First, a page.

Foreign Affairs Friday: Election/Revolution

Last week, as I eagerly anticipated the Iranian election, I surveyed the excitement for opposition candidate Moussavi and thought, "Wouldn't it be cool if Ahmadinejad won, but everyone though the election was rigged?" That's what happened in Ukraine in 2004, leading to mass protests and the rise of a more democratic, pro-Western government. Protests also occurred in Moldova this year, as I recently wrote about, although lasting benefits have yet to arise there.

Well, my scenario is playing out in Iran right now. The benefit of having elections in an authoritarian regime is increased legitimacy for the government, at home and abroad, even if the elections aren't totally fair. The downside of having elections is that citizens might take them seriously, and expect to actually have a say in government. The Iranians aren't accepting what they see as a rigged election. Many US commentators have said that from a policy perspective, it wasn't going to matter who won the election. The Iranians appear to disagree.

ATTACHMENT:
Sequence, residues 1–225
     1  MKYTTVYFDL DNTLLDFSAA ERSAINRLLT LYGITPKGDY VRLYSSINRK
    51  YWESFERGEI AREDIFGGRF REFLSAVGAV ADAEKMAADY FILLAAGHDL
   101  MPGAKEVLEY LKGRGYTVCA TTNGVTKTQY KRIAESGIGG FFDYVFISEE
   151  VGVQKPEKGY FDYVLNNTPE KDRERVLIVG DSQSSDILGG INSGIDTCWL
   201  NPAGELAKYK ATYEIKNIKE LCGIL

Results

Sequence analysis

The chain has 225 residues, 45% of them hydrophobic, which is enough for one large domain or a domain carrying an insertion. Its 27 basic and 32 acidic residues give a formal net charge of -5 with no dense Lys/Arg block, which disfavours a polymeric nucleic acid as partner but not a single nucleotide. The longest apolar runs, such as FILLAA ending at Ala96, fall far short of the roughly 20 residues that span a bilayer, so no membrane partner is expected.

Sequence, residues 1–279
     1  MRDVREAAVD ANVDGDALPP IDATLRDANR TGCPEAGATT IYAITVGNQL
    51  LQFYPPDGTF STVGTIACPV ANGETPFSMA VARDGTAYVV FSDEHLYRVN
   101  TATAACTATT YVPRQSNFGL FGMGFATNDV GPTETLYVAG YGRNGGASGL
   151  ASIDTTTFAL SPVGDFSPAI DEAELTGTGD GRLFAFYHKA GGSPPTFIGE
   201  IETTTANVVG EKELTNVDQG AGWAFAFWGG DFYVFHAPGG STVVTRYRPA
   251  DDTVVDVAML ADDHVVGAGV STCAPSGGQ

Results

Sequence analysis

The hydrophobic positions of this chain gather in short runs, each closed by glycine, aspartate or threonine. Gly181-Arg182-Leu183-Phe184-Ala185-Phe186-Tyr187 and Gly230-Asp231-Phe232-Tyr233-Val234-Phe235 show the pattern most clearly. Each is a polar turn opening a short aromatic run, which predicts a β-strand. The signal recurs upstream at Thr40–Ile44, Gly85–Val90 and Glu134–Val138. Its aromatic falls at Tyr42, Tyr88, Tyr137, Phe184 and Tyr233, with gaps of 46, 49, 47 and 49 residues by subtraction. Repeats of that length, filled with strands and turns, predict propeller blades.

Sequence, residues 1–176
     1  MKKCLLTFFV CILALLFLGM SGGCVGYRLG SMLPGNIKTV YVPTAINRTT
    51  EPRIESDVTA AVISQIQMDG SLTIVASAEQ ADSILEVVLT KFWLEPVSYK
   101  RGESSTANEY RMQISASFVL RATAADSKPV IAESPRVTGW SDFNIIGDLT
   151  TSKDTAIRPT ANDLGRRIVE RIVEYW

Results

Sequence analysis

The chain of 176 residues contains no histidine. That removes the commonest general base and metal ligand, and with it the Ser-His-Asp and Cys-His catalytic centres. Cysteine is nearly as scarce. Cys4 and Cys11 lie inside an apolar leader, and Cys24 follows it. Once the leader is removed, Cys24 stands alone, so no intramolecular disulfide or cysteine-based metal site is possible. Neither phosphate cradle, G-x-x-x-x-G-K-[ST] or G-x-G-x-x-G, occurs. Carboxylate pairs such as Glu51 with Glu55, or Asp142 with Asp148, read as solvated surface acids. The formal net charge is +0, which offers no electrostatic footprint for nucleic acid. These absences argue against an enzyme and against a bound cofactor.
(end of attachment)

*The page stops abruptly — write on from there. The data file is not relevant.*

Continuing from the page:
Another factor that is present in Iran that may help the protestors is the split among the ruling elites. While the Ayatollah is behind Mahmoud, other big names, like Rafsanjani and Khatami, are behind Moussavi. When a regime stays united, like the Chinese were during Tiananmen in 1989, protests can be overcome, but when there are splits, as there were in Eastern bloc nations as the Soviet Union crumbled, then change is possible.

Here's hoping that we see some positive results from the events in Iran, not only for the US, but for the people in Iran. I don't think it would hurt things if Obama would express a little support for the protestors. I suppose he gets some credit, though, for the State Department's moves to keep Twitter open for the protestors.


  1. I dunno--it's possible that it would hurt if Obama made a strong show of support for the protesters. Ahmadinajad's side is already alleging that the protesters are under foreign influence, and it's better the clearer it is that it's genuinely domestic unrest. Also, I doubt the Mousavi people want to look buddy-buddy with the US anyway.

  2. I disagree, because the only thing that might restrain the Iranian regime from bloodily crushing the protests is world attention and the regime's concern for its image. That's why you see most of the protesters holding signs printed in English; they want outside support and attention. People always talk about Obama's international popularity; if he won't use it here, what is it good for?